Woodbury players prepare to take the field before their home game against Roseville on Sept. 7, 2018, the second game of the regular season. Photo by Korey McDermott, SportsEngine
Woodbury coach Andy Hill (Star Tribune file photo, 2016)
Looking back, Woodbury coach Andy Hill knew what went wrong.
In 2016 the Royals were as talented as any team in the state. Expectations were sky high.
Then the season started.
“I blame myself for not emphasizing the culture we’d been building,” Hill said. “We were all focused on different things.”
Hill and his staff made a few changes in their approach and focused on 2017. The Royals responded, losing their first four games by a total of 15 points before reeling off four straight victories.
The stage was set for a 2018 season that has been everything the Royals expected two seasons ago. They’re 8-1 and have won seven consecutive games going into their Class 6A second-round game Friday against Wayzata.
This year’s edition may not have the top-end talent of 2016, but it has something just as valuable: An esprit de corps that overwhelms any potential setbacks.
“This is the tightest team to come through here in the four years I’ve been here,” said cornerback Jenaro Ocama, the Royals’ defacto heart and soul. “It’s a bunch of brothers.”
The difference between the current edition of the Royals and past teams was evident early. After a season-opening blowout victory over Farmington, they stumbled against Roseville, losing 27-7.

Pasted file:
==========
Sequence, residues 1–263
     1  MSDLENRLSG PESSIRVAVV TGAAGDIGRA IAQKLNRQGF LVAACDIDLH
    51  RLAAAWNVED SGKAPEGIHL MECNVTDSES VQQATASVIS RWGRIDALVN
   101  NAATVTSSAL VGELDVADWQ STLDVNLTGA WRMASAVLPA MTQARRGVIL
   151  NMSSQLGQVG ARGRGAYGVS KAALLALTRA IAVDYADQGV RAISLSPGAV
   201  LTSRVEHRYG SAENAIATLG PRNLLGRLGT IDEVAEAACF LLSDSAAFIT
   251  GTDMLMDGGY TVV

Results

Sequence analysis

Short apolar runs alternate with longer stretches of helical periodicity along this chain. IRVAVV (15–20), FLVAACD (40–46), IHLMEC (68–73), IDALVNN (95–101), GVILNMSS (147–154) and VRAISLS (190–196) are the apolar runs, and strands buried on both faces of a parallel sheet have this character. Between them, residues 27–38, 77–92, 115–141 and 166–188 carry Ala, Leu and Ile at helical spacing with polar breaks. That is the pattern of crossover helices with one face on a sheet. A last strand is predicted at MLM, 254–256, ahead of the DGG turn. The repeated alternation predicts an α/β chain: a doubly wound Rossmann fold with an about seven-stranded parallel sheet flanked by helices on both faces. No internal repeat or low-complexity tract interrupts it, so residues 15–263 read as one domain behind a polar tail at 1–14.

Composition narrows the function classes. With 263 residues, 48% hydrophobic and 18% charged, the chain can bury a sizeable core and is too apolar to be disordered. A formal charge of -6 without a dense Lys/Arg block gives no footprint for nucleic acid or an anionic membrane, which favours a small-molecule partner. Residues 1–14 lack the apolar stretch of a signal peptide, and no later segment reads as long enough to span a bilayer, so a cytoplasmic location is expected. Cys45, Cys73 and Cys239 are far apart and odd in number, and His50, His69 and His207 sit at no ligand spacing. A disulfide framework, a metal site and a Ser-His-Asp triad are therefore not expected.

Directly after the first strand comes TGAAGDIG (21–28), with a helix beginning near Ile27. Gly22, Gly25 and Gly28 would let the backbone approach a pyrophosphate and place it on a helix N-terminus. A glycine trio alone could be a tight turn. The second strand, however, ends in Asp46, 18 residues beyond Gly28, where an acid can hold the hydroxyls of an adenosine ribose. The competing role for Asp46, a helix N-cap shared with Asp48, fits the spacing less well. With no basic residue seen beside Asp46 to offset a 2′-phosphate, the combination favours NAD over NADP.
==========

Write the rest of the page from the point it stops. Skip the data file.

“We thought we were pretty sweet,” junior quarterback Jake Wenzel recalled. “We found out we’re not unbeatable.”
Cretin-Derham Hall and Mounds View, two top 6A programs, were next in line. Other Royals teams may have let one loss turn into three.
“That loss to Roseville might have been the best thing for us,” Hill said. “We got a big head and we got put in our place. We talk a lot about how if you’re not humble and hungry all the time, you get humbled.”
Sufficiently subdued, Woodbury responded with two big victories that got their season chugging in the right direction.
One stumbling block cleared, the Royals were cruising when misfortune struck.
Woodbury quarterback Charlie Wilson (16) has filled in admirably after the Royals' starter went out with an injury. Star Tribune photo: ANTHONY SOUFFLE
Wenzel, who had been having a breakout campaign, was lost for the season when he suffered a lisfranc fracture in his right foot in a 33-15 victory over White Bear Lake. Again, however, Woodbury overcame. Backup Charlie Wilson stepped in and the Royals train never slowed down.
Through it all, the one constant was attitude. The team never complained, never felt sorry for itself.
“Next man up,” Ocama said.
One game after losing Wenzel, the Royals faced their biggest test of the season against intra-district rival East Ridge. Bolstered by a defense that has become the foundation to their success, they managed to survive the loss of Ocama, who dislocated his right elbow in the game, to win 20-17 on an overtime field goal by Cade Keesling.
“Our motto has been NLU: No let-up,” linebacker Joe Rossebo said. “It was awesome that we didn’t let up. We just kept going, kept pursing that goal. We really wanted that victory.”
Standing on the sidelines nursing a painful injury, Ocama noticed his team’s resolve.
“I saw a lot of angry, motivated guys” he said. “They played extra hard once I went out. The whole team played harder. Somebody else stepped up.”
When they host the Trojans, Wenzel will be on the sideline, his foot immobilized in a boot. Ocama may play, but chances are slim. And there won’t be a single player feeling sorry for them.
“From the start of the season, when we started saying NLU and that we’re all brothers, that’s keyed things,” Rossebo said. “Our whole team are brothers, not just our starters. We trust those guys as much as the main dudes. We’ll be alright.”